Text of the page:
Consumers back stricter rules on animal welfare

Almost nine out of 10 consumers want stricter European rules to improve animal welfare, according to a survey by Belgium’s Testachats and consumer organisations in seven other EU countries. Among the measures cited were an increase in the space allocated to animals and a ban on caging and mutilation.

Six out of 10 Belgians are willing to pay more for food to support stricter rules in the livestock sector. Around half are prepared to pay 5 per cent extra, while one in 20 would pay a premium of more than 20 per cent. Young people are the most willing to pay more for higher standards.

“While a very large majority of consumers believe it is important to improve animal welfare standards, we are calling on the EU and national governments to ensure that the costs of this transition are shared fairly and are not borne solely by consumers,” Testachats spokesperson Julie Frère said in a press release.

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The survey also shows that seven out of 10 people in Belgium feel they have too little information about animal welfare. Three out of four want information on production methods, such as that mentioned on egg packaging, to be applicable to other products. Only one in five consumers who have seen an animal welfare claim on packaging trusts it.

“As with discussions on the sustainability of products, the first step in making a conscious choice is to be properly informed,” said Frère, “but our study clearly shows that this is unfortunately not the case.

"Even when information does exist, it is not understood by consumers. Too few Belgians, for example, know the meaning of the codes on eggs, which provide valuable information on how the hens were reared.”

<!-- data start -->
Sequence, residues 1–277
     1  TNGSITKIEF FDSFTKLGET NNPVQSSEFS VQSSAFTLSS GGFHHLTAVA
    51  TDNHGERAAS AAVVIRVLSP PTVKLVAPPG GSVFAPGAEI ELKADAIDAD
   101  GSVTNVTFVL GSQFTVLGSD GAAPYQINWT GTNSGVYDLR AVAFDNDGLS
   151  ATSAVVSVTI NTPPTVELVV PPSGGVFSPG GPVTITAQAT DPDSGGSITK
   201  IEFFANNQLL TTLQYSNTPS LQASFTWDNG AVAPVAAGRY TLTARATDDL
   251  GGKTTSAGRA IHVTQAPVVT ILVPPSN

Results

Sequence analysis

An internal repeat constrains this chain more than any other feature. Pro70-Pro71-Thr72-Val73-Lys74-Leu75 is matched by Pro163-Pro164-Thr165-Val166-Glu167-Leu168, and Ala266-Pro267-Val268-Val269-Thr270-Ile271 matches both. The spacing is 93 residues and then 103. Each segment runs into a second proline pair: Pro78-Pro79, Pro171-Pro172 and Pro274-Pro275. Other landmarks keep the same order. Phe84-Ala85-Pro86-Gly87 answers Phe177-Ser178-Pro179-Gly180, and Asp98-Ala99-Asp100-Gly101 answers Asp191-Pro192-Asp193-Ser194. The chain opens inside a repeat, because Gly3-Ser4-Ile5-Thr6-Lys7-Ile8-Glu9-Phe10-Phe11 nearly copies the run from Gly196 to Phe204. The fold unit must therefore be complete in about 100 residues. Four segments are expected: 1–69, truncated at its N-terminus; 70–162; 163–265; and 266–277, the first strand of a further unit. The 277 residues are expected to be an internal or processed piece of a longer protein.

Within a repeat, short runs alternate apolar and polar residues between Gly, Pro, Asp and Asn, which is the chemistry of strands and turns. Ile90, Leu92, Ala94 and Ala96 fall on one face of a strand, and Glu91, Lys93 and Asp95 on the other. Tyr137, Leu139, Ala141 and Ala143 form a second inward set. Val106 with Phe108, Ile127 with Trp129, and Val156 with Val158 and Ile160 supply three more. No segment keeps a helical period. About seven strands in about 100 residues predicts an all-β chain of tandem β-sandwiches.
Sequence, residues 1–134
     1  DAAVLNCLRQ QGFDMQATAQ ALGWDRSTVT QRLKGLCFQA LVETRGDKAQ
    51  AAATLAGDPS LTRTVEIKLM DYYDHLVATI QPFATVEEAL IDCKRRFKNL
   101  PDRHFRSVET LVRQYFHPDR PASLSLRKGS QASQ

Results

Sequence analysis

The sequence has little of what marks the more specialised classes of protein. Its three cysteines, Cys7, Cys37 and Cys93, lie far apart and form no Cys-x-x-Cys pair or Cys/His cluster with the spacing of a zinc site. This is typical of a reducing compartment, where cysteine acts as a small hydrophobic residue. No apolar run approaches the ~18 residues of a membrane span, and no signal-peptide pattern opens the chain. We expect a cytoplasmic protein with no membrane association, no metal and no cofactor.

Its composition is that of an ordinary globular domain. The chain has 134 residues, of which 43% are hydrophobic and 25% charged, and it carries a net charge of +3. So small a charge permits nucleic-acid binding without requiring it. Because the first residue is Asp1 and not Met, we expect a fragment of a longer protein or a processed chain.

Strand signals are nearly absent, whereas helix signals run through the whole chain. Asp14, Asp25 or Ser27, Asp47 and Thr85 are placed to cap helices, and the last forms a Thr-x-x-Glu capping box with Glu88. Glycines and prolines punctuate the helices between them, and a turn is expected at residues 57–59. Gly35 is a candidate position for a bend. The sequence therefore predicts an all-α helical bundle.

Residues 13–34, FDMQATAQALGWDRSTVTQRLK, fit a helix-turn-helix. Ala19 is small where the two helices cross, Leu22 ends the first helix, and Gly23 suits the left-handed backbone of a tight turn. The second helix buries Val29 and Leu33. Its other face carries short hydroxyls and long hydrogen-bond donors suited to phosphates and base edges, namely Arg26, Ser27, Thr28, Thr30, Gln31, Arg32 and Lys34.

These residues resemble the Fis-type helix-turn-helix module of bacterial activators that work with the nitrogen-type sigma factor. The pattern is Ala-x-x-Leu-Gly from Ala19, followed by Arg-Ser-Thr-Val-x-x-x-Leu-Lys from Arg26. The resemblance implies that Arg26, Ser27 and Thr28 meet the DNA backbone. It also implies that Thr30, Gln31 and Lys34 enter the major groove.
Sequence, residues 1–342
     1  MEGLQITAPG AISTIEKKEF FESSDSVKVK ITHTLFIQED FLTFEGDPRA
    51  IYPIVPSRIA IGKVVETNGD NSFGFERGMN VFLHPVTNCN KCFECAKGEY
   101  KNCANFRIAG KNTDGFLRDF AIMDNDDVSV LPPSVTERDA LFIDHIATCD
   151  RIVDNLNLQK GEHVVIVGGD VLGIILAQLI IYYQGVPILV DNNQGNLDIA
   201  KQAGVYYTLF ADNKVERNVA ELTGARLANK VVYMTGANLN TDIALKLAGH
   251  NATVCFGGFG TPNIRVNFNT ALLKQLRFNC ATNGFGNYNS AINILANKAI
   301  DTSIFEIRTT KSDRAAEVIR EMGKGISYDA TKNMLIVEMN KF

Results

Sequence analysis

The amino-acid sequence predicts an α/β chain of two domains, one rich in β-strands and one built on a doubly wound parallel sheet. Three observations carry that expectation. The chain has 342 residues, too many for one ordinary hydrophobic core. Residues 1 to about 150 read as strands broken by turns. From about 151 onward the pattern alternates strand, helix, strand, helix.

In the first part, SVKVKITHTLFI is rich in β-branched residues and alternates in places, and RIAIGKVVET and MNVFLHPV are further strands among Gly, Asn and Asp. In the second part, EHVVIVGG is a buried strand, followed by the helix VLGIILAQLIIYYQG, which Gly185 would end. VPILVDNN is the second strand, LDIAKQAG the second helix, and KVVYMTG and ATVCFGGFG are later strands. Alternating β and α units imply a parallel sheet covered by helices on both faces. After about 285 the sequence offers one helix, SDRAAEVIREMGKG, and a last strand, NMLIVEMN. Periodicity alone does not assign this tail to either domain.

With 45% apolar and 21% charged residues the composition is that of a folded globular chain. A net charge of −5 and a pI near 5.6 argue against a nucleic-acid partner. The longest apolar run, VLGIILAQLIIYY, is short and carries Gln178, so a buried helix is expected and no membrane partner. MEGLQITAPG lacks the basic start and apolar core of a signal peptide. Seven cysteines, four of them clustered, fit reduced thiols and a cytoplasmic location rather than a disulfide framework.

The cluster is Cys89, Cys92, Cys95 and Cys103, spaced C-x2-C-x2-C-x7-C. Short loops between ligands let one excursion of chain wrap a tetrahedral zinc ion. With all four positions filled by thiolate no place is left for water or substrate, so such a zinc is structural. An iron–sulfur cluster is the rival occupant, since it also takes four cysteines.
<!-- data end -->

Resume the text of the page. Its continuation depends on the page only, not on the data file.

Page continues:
Import standards

Three-quarters of consumers are in favour of the EU providing funds to farmers to implement stricter animal welfare standards. The same proportion broadly agree that animal welfare rules should apply not only to European farmers but also to imported meat.

Two in five of those surveyed in Belgium said they eat meat at least five times a week, with only 3 per cent saying they are vegetarian or vegan. 18 per cent of people eat meat every day.

"Industry, retailers and the food service sector should do more to provide a broader range of affordable, healthy and convenient plant-based options"

“Looking at the bigger picture, with most Europeans overconsuming meat, eating 'less but better' animal products would benefit not only consumers’ health but also the climate and animals," said Monique Goyens, director-general of BEUC, the European association of consumer organisations. 

"Industry, retailers and the food service sector should do more to provide consumers with a broader range of affordable, healthy and convenient plant-based options.”

The survey questioned consumers in Belgium, Germany, Hungary, Italy, the Netherlands, Portugal, Spain and Sweden in November 2023, polling 1,000 people per country. 



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